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By Mai Nguyen

At that time, the disciples came to Jesus, saying, “Who then is greatest in the kingdom of heaven?” Then Jesus called a little child to Him, set him in the midst of them, and said, “Assuredly, I say to you, unless you are converted and become as little children, you will by no means enter the kingdom of heaven. Therefore, whoever humbles himself as this little child is the greatest in the kingdom of heaven. Whoever receives one little child like this in My name receives Me. – Matthew 18:1-5 (NKJV)

This semester, I have the privilege of working with a great team of 2Ls and 3Ls on a project for Shared Hope International. Shared Hope International is a non-profit organization whose mission is to “bring an end to sex trafficking through [a] three-pronged approach – prevent, restore, and bring justice.”

The organization is currently working on a project that researches state statutes and regulations on child welfare with respect to cases involving commercial sexual exploitation. With the statutory compilation already finished, Shared Hope needs our team’s help to compile the states’ regulations and policies on child welfare related to commercial sexual exploitation. Our team has been researching the regulations of all 50 states and Washington, D.C., on this topic. So far, working with the Center for Global Justice has exposed me to various issues in international law, human rights law, and international criminal law. I am thankful to have a supportive team and a good mentor. Our team members have been excellent at communication, and they have worked so diligently on the project despite their busy schedules.

Photo by MI PHAM on Unsplash
Photo by MI PHAM on Unsplash

Besides working with Shared Hope International as part of my involvement as a Clerk for the Center for Global Justice, I also started working for Dr. Christoph Sperfeldt, a professor at Macquarie Law School. This involvement is part of my summer internship in Cambodia and Vietnam. Dr. Sperfeldt has been a zealous advocate for the stateless ethnic Vietnamese communities currently residing in Cambodia. I am helping Dr. Sperfeldt compile a resource guide consisting of books, research articles, theses/dissertations, U.N. Human Rights Bodies, and foreign language sources written on this group of Vietnamese. This project has taught me so much about the history and internal political climates of Vietnam and Cambodia, the relationship between the two countries, and how those have altogether affected the ethnic Vietnamese group living in Cambodia. I have learned various reasons why the legal status of these communities is precarious at best and the need to advocate for them so they can at least obtain citizenship, whether Vietnamese or Cambodian. In the summer, I am heading to Cambodia and Vietnam. The goal is to join forces with the local non-profit organizations, as well as the U.N. representatives in both countries, to ensure that children of these communities have equal access to birth registration, as the lack of birth registration is among the leading causes resulting in inter-generational statelessness within this group.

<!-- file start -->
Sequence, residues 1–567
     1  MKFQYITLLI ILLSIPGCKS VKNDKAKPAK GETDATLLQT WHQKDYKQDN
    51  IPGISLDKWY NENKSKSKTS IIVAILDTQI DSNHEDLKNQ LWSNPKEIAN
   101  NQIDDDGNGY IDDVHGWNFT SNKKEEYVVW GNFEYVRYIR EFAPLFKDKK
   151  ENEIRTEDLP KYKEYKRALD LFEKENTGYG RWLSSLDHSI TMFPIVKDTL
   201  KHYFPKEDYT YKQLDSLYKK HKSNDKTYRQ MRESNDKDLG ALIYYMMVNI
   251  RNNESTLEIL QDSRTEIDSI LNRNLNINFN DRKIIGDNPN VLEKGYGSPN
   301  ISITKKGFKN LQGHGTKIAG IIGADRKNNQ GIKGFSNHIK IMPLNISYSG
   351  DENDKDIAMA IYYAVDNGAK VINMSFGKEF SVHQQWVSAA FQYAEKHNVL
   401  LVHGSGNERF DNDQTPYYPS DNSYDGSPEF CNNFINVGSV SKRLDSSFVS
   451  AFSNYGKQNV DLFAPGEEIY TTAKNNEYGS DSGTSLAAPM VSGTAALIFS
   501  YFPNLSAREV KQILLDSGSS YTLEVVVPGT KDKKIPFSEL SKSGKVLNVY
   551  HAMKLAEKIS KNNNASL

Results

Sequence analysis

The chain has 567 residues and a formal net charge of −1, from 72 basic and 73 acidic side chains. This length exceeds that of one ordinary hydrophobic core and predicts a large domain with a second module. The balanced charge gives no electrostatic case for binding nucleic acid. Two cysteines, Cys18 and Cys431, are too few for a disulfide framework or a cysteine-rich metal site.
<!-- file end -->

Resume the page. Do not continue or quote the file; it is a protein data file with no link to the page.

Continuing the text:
I look forward to completing the research project for Shared Hope with my team and participating in the summer internship overseas. While reading through regulations and policies may not be the most exciting task, we know and hope that our contribution can help Shared Hope achieve its goals and objectives, especially with regard to eliminating sexual exploitation of children. As for my work with Dr. Sperfeldt, I hope that the academic background I’m gaining now from compiling the resource guide will be of help for the fieldwork component to come this summer.

This post was written by a Center for Global Justice student staff member. The views expressed in this post do not necessarily reflect those of Regent University, Regent Law School, or the Center for Global Justice.